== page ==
“Etiquette and awkward conversations aside, having the luxury of not being restricted to 140 characters per text and having untapped conversation potential alongside built in cameras for instant memory are benefits that we can all appreciate, and no one is anxious to back to the dark days of monophonic ringtones.”
42 percent of parents rely on their own children for technical help, according to the study, with uploading apps, helping set up new phones and finding programmes on catch up among the main things kids help their parents with around the house.
THINGS MODERN TEENS WILL NEVER EXPERIENCE
• Having only 4 TV channels (76 percent)
• Having to go to the video shop to rent a film (72 percent)
• Writing labels for VHS tapes so you would know what was on it (69 percent)
• Recording the charts on a tape recorder on a Sunday night and pausing every time the DJ spoke (68 percent)
• Missing your favourite TV programme and having to just lump it (65 percent)
• Having to watch Top of the Pops to see what songs were in the charts (65 percent)
• Fiddling with the aerial on the top of the telly to get a better picture (65 percent)
• Going to music shops to buy the latest singles or albums (65 percent)
• Having to wait a week for the next episode of your favourite show (61 percent)
• Having to write hand written essays until your hand hurt (61 percent)
• Calling your friend on a landline and having to speak with their parents first (61 percent)
• Having to take at least three camera rolls on holiday with you (57 percent)
• Looking up cinema times in the local newspaper (56 percent)
• Using a paper map to find where you were going (55 percent)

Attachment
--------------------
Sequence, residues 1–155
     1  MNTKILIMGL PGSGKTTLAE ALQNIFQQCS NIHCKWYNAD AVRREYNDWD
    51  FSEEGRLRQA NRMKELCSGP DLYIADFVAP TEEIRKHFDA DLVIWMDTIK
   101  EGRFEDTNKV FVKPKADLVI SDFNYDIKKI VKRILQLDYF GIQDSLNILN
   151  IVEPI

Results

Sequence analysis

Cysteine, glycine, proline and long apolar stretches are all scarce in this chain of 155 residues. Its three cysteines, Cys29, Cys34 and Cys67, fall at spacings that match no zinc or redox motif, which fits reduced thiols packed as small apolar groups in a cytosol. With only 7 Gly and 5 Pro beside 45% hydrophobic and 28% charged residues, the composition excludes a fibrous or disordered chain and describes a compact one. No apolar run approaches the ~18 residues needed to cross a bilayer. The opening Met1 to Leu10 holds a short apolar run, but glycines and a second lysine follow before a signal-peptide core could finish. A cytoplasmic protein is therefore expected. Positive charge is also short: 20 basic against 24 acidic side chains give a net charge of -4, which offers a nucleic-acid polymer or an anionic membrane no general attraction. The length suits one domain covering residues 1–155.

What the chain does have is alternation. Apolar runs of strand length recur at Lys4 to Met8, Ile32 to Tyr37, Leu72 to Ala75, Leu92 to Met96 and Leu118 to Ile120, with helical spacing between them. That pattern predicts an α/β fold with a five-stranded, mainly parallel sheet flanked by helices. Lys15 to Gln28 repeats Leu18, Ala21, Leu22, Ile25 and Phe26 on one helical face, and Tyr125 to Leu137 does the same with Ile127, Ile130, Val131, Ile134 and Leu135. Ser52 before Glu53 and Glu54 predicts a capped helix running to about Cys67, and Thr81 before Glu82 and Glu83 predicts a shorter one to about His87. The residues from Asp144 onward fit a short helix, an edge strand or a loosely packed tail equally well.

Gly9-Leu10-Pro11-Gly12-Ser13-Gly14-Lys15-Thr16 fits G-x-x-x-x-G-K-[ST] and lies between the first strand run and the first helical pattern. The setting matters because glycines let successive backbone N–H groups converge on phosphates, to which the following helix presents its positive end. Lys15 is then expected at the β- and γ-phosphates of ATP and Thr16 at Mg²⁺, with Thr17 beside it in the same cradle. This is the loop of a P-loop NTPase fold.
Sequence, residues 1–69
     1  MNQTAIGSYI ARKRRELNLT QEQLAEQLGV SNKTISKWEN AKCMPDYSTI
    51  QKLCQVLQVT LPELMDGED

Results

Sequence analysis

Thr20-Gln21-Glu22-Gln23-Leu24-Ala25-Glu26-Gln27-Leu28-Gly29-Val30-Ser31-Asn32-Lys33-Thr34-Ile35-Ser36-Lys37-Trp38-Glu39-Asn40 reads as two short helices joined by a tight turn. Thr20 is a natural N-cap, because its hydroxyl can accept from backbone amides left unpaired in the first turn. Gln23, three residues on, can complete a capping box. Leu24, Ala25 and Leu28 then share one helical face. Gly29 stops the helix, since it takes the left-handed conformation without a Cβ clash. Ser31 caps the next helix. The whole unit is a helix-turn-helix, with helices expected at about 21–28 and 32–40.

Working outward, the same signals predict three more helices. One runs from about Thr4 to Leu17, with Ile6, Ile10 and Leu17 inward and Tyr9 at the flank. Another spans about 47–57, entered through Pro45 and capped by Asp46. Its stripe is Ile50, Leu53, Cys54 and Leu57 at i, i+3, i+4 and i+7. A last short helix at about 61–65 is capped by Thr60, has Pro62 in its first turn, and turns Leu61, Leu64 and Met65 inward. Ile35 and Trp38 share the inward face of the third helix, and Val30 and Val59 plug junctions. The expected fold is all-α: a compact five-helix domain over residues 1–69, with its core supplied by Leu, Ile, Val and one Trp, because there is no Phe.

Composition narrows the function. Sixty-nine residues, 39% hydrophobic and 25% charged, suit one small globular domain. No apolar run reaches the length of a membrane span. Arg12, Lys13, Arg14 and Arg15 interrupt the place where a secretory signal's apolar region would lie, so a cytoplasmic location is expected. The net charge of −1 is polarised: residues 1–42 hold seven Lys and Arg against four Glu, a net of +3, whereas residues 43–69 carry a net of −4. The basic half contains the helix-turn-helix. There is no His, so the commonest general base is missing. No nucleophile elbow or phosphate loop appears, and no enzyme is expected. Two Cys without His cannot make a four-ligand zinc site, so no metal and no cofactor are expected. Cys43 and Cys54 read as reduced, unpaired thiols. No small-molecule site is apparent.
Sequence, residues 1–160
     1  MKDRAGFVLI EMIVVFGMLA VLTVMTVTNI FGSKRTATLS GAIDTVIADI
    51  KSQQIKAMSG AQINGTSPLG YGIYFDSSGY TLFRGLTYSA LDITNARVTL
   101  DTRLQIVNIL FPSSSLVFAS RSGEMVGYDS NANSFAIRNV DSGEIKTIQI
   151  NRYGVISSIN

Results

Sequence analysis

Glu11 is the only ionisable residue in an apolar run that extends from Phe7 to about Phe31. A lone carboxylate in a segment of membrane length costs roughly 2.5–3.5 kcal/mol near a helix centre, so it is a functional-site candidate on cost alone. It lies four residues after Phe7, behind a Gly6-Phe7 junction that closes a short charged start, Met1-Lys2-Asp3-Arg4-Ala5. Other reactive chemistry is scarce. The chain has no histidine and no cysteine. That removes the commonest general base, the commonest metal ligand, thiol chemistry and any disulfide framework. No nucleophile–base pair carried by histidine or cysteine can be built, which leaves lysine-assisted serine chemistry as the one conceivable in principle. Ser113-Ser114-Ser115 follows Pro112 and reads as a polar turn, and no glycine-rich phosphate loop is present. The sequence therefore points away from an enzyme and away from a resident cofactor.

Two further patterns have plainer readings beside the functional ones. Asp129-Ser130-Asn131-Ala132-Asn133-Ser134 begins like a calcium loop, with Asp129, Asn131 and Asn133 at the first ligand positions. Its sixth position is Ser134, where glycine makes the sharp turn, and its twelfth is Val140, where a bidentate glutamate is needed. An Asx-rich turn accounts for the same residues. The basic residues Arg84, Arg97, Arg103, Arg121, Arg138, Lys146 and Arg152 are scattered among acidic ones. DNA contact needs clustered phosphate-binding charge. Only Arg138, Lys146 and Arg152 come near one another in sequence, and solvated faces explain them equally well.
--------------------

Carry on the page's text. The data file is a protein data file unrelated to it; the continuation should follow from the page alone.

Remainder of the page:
• Searching for a pay phone to call your best friend’s house to find out what time they left when they were late to meet you (54 percent)
• Making “mix tapes” for your friends and people you fancied (54 percent)
• Waiting until after 7pm to make calls on the landline because it was free (51 percent)
• Writing to a pen pal and waiting weeks for a response (51 percent)
• Having to wait for the weather forecast on the telly to know what tomorrow’s weather would be (47 percent)
• Having to do PE in just your underwear if you forgot your kit (46 percent)
• Rowing with your siblings because they recorded over your VHS tape (45 percent)
• Having to do “one ring” on the landline to let your parents know you’ve arrived safely (44 percent)
• Carrying extra batteries around in case your Walkman died (42 percent)
• Having to dial 1471 as soon as you got in the house to find out who called (42 percent)
• Having to get on the bus into town to buy a new item of clothing (42 percent)
• Riding a bike all the way round to your friend’s house (42 percent)
• Having to go to the bank (38 percent)
• Not knowing what time your train would leave until you got to the station (36 percent)
• Having to walk to the local take-away to pick up your order (36 percent)
• Worrying your parents were eves dropping on your calls via a second landline (35 percent)
• Inviting your friends around to see your printed holiday pics (34 percent)
• Using a disc-based encyclopaedia to research your homework (31 percent)